Thursday, March 8, 2012

Kill your darlings

All of us writers have heard the phrase: Kill your darlings. This originated with British author Sir Arthur Quiller-Couch who wrote in his 1916 publication “On the Art of Writing,”: Whenever you feel an impulse to perpetrate a piece of exceptionally fine writing, obey it—whole-heartedly—and delete it before sending your manuscript to press. Murder your darlings.

Many writers have espoused the concept over the years, including possibly the most successful writer, Stephen King. He says in “On Writing,”: Mostly when I think of pacing, I go back to Elmore Leonard, who explained it so perfectly by saying he just left out the boring parts. This suggest cutting to speed the pace, and that’s what most of us end up having to do (kill your darlings, kill your darlings, even when it breaks your egocentric little scribbler’s heart, kill your darlings).... And a little later he says, It’s always easier to kill someone else’s darlings than it is to kill your own.

You know where I'm going with this... I have a writer friend who insists on keeping the same bits of prose in every draft of her novel even though they don't work. But I can only make suggestions, ultimately it's her decision, as it should be.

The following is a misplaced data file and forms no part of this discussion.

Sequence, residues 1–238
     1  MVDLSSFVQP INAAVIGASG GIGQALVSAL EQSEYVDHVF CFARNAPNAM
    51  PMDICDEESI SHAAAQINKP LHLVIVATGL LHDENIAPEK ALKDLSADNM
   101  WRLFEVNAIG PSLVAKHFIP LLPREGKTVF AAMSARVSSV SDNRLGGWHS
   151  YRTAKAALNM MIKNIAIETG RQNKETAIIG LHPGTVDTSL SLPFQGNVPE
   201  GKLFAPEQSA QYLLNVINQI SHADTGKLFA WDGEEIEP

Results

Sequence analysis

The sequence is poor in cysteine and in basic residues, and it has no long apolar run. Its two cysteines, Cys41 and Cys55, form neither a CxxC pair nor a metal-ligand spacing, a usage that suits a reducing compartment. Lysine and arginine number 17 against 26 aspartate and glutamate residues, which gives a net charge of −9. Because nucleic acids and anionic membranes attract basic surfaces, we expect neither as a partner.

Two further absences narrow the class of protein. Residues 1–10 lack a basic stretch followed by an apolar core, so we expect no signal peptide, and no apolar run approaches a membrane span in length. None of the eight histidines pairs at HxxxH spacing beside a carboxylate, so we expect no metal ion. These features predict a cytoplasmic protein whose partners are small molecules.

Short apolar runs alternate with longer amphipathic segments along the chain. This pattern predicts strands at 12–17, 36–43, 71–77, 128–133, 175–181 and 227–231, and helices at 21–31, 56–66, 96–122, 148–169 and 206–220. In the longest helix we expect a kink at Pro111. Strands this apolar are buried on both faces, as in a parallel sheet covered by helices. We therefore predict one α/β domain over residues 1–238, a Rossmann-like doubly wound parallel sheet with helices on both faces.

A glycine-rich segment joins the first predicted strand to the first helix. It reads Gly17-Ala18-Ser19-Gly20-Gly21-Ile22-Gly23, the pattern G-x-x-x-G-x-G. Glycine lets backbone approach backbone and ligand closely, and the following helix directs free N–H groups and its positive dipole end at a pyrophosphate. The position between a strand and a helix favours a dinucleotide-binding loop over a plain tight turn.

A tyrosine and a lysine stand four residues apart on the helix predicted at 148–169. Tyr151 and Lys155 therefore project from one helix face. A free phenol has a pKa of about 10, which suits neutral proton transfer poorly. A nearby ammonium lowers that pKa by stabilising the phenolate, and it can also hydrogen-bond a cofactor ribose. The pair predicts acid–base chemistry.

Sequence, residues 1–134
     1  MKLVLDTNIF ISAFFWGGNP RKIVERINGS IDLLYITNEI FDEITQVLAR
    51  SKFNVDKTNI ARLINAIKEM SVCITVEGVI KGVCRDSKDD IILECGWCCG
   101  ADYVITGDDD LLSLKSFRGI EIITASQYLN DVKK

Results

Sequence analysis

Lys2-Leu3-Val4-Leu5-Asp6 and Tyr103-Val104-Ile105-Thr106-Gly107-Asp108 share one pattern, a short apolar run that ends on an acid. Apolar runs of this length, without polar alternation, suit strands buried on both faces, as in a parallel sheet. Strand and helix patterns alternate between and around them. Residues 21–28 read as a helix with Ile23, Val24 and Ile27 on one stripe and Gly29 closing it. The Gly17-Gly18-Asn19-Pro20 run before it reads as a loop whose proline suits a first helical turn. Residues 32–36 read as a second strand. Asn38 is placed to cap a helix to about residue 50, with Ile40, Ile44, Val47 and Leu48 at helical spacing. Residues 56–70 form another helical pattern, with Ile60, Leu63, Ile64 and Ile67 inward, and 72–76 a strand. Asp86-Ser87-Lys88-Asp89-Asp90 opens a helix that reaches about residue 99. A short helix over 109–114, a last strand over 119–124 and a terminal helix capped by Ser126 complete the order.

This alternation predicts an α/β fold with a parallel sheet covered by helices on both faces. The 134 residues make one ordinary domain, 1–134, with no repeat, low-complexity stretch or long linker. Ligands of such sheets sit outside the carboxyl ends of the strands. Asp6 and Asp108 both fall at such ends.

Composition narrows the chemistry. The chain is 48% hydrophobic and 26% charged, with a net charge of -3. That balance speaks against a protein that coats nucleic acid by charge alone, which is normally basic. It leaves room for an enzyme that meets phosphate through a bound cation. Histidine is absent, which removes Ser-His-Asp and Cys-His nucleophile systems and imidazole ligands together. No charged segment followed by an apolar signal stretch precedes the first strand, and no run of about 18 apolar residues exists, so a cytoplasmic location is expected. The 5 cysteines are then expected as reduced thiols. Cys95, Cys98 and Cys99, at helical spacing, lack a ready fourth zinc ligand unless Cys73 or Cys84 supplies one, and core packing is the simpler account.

We all do it. So, if you ever see another writer (like me!) clutching some darlings to their heart, refusing to let go of them: Tell them! And if someone tells you... Listen.


  1. Wonderful post! I'll be citing this as a reference in a blog article I'm writing under the same title.


  2. *Whispers* Kiiiiiiill them...

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  4. "I would say to Robertson what an old tutor of a college said to one of his pupils: 'Read over your compositions, and where ever you meet with a passage which you think is particularly fine, strike it out.'" Samuel Johnson, in Boswell: Life of Johnson